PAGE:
Wednesday, April 22, 2015

Is MERGE a bug?

A few years back I pondered whether DISTINCT was a bug.

My premise was that if you are depending on DISTINCT to return a correct result set, something is seriously wrong with your table design. I was reminded of this again recently when I ran across Kent Graziano's post on Better Data Modeling: Are you making these 3 beginner mistakes in your data models?. Specifically:
Instead of that, you should be defining a natural, or business, key for every table in your system. A natural key is a an attribute or set of attributes (that occur naturally in the data set) required to uniquely identify a row in that table. In addition you should define a Unique Key Constraint on those attributes in the database. Then you can be sure you will not get any duplicate data into the tables.

CLARIFICATION: This point has caused a lot of questions and comments. To be clear, the mistake here is to have ONLY defined a surrogate key. i believe that even if using surrogate keys is the best solution for your design, you should ALSO define an alternate unique natural key.
So why MERGE?

I learned about the MERGE statement in 2008. During an interview, Frank Davis asked me about when I would use it. I didn't even know what it was (and admitted that) but I went home that night and...wait...I think he asked me about multi table inserts. Whatever, credit is still going to Mr. Davis. Where was I? OK, so I had been working with Oracle for about 6 years at that point and I didn't know about it. My initial reaction was to use it everywhere (not really)! You know, shiny object and all. Look! Squirrel!

Why am I considering MERGE a bug? Let me be more specific. I was working with a couple of tables and had not written the API for them yet and a developer was writing some PL/SQL to update the records from APEX. In his loop he had a MERGE. I realized at that moment there was 1, no surrogate key and 2, no natural key defined (which ties in with Kent's comments up above). Upon realizing the developer was doing this, I knew immediately what the problem was (besides not using a PL/SQL API to nicely encapsulate the business logic). The table was poorly designed.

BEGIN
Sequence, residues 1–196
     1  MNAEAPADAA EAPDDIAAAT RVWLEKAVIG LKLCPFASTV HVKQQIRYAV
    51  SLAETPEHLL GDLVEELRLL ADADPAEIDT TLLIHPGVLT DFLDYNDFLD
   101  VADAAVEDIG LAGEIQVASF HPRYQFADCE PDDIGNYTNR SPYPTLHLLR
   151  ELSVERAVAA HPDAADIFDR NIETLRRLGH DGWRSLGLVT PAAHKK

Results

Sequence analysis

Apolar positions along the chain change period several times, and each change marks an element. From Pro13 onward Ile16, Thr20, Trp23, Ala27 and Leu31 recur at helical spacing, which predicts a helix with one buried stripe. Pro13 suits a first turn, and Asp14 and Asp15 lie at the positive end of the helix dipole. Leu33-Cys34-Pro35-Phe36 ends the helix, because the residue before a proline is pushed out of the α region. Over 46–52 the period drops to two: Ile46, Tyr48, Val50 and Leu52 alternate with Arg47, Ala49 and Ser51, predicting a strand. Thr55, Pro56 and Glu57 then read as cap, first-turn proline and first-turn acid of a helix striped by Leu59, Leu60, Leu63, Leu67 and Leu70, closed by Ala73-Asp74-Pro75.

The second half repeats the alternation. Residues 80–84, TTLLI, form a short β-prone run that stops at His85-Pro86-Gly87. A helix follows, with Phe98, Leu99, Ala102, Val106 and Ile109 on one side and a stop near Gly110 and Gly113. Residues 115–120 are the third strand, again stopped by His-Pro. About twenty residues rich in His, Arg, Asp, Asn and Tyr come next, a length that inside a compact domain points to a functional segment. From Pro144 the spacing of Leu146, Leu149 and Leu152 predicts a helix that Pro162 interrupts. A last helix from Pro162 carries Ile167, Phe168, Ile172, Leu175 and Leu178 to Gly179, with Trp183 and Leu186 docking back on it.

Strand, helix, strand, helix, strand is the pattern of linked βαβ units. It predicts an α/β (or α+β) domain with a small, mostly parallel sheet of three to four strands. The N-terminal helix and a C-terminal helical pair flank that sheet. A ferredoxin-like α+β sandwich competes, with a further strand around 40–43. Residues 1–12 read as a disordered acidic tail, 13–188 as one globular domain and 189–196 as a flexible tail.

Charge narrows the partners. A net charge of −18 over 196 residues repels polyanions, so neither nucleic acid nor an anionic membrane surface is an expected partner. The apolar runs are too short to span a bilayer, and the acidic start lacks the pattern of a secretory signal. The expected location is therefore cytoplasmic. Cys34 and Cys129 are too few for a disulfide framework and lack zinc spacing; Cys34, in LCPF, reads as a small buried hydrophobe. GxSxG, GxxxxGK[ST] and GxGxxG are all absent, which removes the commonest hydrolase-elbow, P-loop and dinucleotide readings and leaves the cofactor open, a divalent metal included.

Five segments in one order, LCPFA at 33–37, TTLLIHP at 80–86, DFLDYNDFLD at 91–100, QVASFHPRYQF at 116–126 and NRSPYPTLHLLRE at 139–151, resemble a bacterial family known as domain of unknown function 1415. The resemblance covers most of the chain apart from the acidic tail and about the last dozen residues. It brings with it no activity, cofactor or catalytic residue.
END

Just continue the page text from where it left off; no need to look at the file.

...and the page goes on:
Easy fix. Update the table with a surrogate key and define a natural key. I was thankful for the reminder, I hadn't added the unique constraint yet. Of course had I written the API already I probably would have noticed the design error, either way, a win for design.

Now, there are perfectly good occasions to use the MERGE statement. Most of those, to me anyway, relate to legacy systems where you don't have the ability to change the underlying table structures (or it's just cost prohibitive) or ETL, where you want to load/update a dimension table in your data warehouse.

Noons, how's that? First time out in 10 months. Thanks for the push.

10 comments:

Noons said...

Excellent! And thanks for that!
Yes, I agree entirely: using MERGE on tables that really don't follow even the first normal form is asking for trouble. And DISTINCT is another manifestation of that trouble!
I'm having a go at making our developers replace complex "difference/delta" tables in our DW ETL with MERGE, to avoid the usual storm of multiple intermediate or temp tables or long PL/SQL cursor loops in what is essentially an single upsert.
That's what MERGE was created for.
I agree entirely with your prior claim that it is really designed for DW ETL, not OLTP.
Great stuff and thanks heaps for talking and writing about it.

jeffkemponoracle.com said...

Not sure I follow the logic - if the tables all have natural keys, what exactly is wrong with using a MERGE statement to insert/update them? Like any feature, it may be misused; but this doesn't imply it's a bug in itself.

Dominic Brooks said...

I like MERGE.
But here's why I don't like it for some OLTP circumstances:

https://orastory.wordpress.com/2011/10/13/concurrent-merge/

chet justice said...

@jeff,

I never really stated it, but you're right, MERGE in and of itself is not a bug. My point (on both posts actually) is that the use of the features, to me, indicates either a design flaw in your (OLTP) system, a misunderstanding of the design by the developer or simple a lack of how to do things by the developer (a teaching moment?).

jeffkemponoracle.com said...

So you would avoid MERGE in an OLTP system with a well-designed data model? Assuming you've dealt appropriately with the concurrency problem referred to by Domenic, why?

chet justice said...

Never said that Jeff.

"Now, there are perfectly good occasions to use the MERGE statement..."

jeffkemponoracle.com said...

Sorry, perhaps I misinterpreted your qualification of that about it only generally being good for dealing with legacy data models, etc etc.

Not having a go, I just want to make sure I understand where you're coming from.

Michael O'Neill said...

I *just* used a MERGE in an OLTP context and it was far from a bug. It was used in avoidance of an INSERT, trapping DUP_VAL_ON_INDEX, UPDATING instead mess.

Now where the bug may have been in my situation is that my MERGE may have introduced a last-in-wins scenario - but that is he application design (only the latest value matters), so it works well and performs better than trapping the exception.

chet justice said...

@Michael,

Sounds to me like you've caught one of those actual uses. In my experience, they've been rare, especially so in OLTP.

Noons said...

Just got a 3113 on a MERGE using a remote table (dblink) as source.
Nothing in doco says it cannot be.
11.2.0.3 patched up here.
Opened an SR, lessee what MOS comes up with. There used to be a bug with this in 10g, but I'm on 11.2...